How to stay ahead in the evolving world of food & drink
Not five years ago, many would shudder at just the notion of eating insects, despite it being a tradition that dates back more than five million years.
Today, nearly a third of Britons believe insects will eventually become a part of mainstream human diets, amid challenges to food production caused by the climate crisis.
Although yet to become the mainstay of the global food economy, the protein-packed superfood is already crawling onto our dinner plates and into our snack bars, even hitting the shelves of popular supermarkets like Sainsbury’s and becoming the subject of themed restaurants.
In the world of food and drink, that’s how quickly consumer mindsets and preferences can change and why food product innovation is key to surviving the marketplace.
A sector hungry for innovation
New lifestyle trends, changing socioeconomic factors and rising consumer awareness are driving the growth in demand for a year-round supply of high-quality, diverse and innovative food products.
These factors have revolutionised the food and drink landscape, spawning newfangled trends such as veganism and its variants, clean label eating, health foods, plant-based diets and, most significantly, the growing popularity of foods with low carbon footprints.
Today’s consumers want food and drink products able to keep up with their changing palates, and they are willing to spend on the innovations that can best cater to their needs.
Although this opens up new growth opportunities for manufacturers and retailers, it also means remaining competitive can be tough. More than just staying on top of fluctuating industry trends, it requires adapting products to the changing tastes of the 21st-century consumer and taking innovation leaps.
But if the right products are able to hit the market with speed, innovation can help them deliver on strategic goals and differentiate themselves from the competition. And given the pace of change in the industry today, there’s no better time to start than now.
Well begun is half done
When it comes to product innovation, just getting started is already half the battle won, according to Catherine Wall, a Lab Technician over at the West London Food Innovation Lab.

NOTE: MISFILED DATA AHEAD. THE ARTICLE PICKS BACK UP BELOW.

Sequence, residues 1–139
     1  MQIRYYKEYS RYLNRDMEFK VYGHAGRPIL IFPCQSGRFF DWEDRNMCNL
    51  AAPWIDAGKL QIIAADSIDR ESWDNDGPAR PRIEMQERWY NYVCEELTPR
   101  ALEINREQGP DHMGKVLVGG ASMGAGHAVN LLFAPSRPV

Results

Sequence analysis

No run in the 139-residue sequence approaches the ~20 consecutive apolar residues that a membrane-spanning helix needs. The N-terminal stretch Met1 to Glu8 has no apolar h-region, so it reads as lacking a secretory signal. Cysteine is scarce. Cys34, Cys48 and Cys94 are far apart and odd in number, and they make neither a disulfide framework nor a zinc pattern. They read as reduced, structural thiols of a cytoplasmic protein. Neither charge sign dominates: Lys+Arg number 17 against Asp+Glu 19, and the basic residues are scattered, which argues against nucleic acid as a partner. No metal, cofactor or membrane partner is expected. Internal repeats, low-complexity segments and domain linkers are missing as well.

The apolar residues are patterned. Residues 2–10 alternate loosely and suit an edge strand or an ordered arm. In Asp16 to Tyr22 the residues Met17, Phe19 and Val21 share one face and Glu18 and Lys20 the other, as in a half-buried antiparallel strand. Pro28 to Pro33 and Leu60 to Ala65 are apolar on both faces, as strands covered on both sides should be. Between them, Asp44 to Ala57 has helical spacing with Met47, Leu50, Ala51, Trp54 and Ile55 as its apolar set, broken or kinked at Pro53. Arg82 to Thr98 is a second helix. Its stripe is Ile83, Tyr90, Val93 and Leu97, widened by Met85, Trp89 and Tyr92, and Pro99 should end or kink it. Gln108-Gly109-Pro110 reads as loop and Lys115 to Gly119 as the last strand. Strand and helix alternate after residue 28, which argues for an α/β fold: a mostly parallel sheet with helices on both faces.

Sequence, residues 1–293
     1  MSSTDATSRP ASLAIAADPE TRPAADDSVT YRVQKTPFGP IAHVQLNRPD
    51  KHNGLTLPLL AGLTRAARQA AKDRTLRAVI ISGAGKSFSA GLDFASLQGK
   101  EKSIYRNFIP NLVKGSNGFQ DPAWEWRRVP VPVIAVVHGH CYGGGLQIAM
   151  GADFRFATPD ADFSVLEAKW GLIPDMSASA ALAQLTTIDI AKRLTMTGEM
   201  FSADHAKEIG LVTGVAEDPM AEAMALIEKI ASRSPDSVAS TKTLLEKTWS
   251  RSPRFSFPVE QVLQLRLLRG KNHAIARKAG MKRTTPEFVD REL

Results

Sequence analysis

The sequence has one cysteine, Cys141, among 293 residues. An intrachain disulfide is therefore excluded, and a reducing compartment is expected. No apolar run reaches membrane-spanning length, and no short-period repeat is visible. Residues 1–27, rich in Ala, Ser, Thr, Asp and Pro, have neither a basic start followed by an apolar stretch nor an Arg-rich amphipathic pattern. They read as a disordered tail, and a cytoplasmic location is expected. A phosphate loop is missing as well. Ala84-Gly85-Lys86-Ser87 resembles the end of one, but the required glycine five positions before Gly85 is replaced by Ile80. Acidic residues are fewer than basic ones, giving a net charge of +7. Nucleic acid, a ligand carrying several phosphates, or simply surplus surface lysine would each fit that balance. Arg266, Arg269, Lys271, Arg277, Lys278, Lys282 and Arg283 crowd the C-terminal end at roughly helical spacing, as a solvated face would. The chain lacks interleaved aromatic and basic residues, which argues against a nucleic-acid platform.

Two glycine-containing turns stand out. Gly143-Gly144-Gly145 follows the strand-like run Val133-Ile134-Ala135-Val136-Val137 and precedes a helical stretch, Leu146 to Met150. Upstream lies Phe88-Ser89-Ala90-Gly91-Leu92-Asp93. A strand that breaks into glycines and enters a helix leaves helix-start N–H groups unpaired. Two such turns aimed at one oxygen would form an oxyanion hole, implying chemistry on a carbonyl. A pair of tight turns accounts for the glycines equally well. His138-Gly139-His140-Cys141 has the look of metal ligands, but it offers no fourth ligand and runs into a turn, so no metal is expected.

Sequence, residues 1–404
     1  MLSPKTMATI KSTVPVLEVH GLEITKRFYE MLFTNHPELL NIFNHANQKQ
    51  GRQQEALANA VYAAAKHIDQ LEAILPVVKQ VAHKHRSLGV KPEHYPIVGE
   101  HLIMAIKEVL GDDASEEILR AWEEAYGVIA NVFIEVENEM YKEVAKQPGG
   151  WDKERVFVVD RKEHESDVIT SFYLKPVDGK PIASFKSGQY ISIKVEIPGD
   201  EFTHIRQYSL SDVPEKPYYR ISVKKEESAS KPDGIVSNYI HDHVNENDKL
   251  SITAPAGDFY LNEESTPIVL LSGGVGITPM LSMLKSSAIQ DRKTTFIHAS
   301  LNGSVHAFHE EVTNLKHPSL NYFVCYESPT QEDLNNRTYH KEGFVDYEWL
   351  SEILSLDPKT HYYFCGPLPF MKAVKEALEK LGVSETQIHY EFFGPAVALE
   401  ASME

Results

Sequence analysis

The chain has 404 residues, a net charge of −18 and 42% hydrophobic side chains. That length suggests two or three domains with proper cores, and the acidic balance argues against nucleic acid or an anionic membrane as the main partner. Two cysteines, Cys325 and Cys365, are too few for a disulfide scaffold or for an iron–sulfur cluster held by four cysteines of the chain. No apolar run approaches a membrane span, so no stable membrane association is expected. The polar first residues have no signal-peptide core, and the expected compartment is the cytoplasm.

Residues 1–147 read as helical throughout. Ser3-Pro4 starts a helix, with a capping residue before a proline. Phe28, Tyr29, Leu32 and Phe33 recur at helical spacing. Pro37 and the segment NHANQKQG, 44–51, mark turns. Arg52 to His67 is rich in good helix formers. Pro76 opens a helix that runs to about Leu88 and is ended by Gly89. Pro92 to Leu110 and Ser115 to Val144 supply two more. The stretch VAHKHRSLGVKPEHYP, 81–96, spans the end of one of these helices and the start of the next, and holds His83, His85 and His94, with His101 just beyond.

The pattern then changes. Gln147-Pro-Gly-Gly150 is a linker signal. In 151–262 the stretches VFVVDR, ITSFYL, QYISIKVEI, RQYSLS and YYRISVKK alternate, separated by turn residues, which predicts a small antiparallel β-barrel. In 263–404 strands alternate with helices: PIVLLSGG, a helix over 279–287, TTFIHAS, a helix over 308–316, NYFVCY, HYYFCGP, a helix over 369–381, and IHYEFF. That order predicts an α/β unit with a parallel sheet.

The Lab, a £1.5 million facility launched last year with the support of the European Regional Development Fund, was created to help food and drink businesses across London and Greater London innovate and get their new products to market.
“And I would urge them to remember this: sometimes, even no result is a result,” Wall says.
Of course, innovation does come with its challenges.
Remember McDonald’s Arch Deluxe, Burger King’s Satisfries and New Coke? These products have one thing in common: they all flopped in the market.
The lesson here is that deep pockets and grand-scale launches don’t always win the marketplace. In fact, statistics show that about 85 percent of new consumer packaged products (CPG) fail within two years of launch.
For smaller operations, this may seem a daunting prospect – if CPG’s biggest guns can fail this way, how would the small food and drink startup ever stand a fighting chance?
But at the Lab, Wall and her colleagues are tasked with making sure they do.
Dedicated teams, dedicated service
The Lab itself was created to help SMEs with their innovation pain points. It recognises that although essential to the survival of any food and drink business, innovation can be a difficult and expensive process for the resource-starved SME.
“One of the biggest challenges for businesses, especially the startup, would be cost. It can be very expensive to commission the services of a product development lab for analysis and testing,” Wall points out.
For this reason, the Lab offers an initial consultation with no charge, after which businesses can access services that meet their requirements at a budget that suits them.
Food and drink businesses simply need to present their innovation challenges to the Lab Technical Team and, depending on the complexity of their needs, would likely have their finished product ready within the week.